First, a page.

In how many ways can we distribute $6$ red balls, $7$ green balls and $8$ blue balls in $3$ different boxes such that each box has at least one ball of each color?

I'd like to solve this problem via generating functions. I guess the generating function would be:


The problem is that the coefficient of $x^3$ also counts boxes that have $3$ blue balls and no other ball of other color. Then I guess it would become a little complicated to extract the cases that fail. Then I thought this:

$$\frac{1-x^7}{1-x} \cdot \frac{1-y^8}{1-y} \cdot \frac{1-x^9}{1-z}$$

I'd have to count the coefficients of $x^ny^mz^o$ with $n,m,o\geq 1$, but somehow it doesn't seem very practical. I've also tried to assume that each box had one fruit of each kind and then distribute the rest, which would yield:


but the expansion of this yields a number too small for the answer. I'm out of ideas, can you help me?

  • $\begingroup$ Do you have a specific number of boxes in mind or are you considering all the possibilities up to six boxes? $\endgroup$ Feb 23 '15 at 11:24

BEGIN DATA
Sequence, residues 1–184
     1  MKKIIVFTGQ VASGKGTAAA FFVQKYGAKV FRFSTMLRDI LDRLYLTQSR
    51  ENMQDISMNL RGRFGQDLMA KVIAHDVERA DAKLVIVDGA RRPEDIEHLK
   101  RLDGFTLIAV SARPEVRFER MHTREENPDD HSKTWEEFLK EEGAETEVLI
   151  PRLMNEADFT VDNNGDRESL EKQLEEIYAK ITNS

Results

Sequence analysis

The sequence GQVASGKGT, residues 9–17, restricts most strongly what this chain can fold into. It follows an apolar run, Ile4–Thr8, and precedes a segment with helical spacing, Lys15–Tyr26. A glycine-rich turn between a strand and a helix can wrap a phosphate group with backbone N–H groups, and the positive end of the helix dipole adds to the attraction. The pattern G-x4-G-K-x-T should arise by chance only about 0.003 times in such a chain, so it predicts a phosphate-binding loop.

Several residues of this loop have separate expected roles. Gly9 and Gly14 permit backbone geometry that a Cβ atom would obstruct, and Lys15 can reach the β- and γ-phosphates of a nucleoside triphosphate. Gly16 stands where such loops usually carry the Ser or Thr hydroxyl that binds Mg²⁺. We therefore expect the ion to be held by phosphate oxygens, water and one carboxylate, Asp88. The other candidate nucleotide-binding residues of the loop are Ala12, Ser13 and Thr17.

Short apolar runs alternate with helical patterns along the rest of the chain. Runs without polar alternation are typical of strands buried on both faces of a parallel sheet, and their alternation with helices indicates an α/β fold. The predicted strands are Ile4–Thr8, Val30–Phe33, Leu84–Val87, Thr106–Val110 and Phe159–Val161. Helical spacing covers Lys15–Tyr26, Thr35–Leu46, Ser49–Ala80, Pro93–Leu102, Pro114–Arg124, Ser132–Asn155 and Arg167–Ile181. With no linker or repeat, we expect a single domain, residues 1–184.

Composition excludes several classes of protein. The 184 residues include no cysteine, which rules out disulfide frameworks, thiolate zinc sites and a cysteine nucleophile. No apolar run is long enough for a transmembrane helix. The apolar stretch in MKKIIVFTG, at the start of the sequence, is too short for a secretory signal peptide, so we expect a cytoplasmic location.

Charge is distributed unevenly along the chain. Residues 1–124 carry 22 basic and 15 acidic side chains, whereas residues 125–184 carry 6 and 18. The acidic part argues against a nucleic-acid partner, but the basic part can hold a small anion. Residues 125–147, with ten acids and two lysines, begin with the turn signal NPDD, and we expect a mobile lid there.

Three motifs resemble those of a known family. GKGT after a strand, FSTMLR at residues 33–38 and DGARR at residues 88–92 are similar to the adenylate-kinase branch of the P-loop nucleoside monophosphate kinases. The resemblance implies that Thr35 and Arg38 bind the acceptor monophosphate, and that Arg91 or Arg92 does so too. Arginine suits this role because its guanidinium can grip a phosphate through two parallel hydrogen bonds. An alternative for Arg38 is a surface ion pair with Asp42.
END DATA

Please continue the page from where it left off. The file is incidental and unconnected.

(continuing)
• $\begingroup$ @Taussig Sorry,I meant 3 boxes. I forgot to add it. $\endgroup$
    – Red Banana
    Feb 23 '15 at 12:34
  • 1
    $\begingroup$ I do not know whether this problem can be done with generating functions. It is possible to solve it determining the number of solutions of the equations $x_1 + x_2 + x_3 = 3$, $y_1 + y_2 + y_3 = 4$, and $z_1 + z_2 + z_3 = 5$ in the non-negative integers, then multiplying the results. $\endgroup$ Feb 23 '15 at 14:18

As N. F. Taussig points out, you can treat each of the colors independently and multiply the results, so let's start with the red balls. We want to distribute $6$ red balls into each of three bins, with at least one ball in each bin; this will be the coefficient of $x^6$ in the product $$ (x+x^2+\cdots)\ (x+x^2+\cdots)\ (x+x^2+\cdots) = \frac{x^3}{(1-x)^3}. $$ We have $[x^6] \frac{x^3}{(1-x)^3} = [x^3] (1-x)^{-3}$, which by the binomial theorem is $(-1)^3\binom{-3}{3} = \binom{5}{3}$.

Similarly, for the green and blue balls, you extract the $x^7$ and $x^8$ coefficients respectively. Multiplying everything out, you get $$\binom53\binom64\binom75.$$

If you wanted to do this all as one generating function, you could also express this as $$[x^6 y^7 z^8] \frac{x^3}{(1-x)^3}\frac{y^3}{(1-y)^3}\frac{z^3}{(1-z)^3}.$$

  • $\begingroup$ When I did this problem without generating polynomials, I obtained $$\binom{5}{2}\binom{6}{2}\binom{7}{2}$$ which agrees with Tad's answer. $\endgroup$ Feb 24 '15 at 12:09

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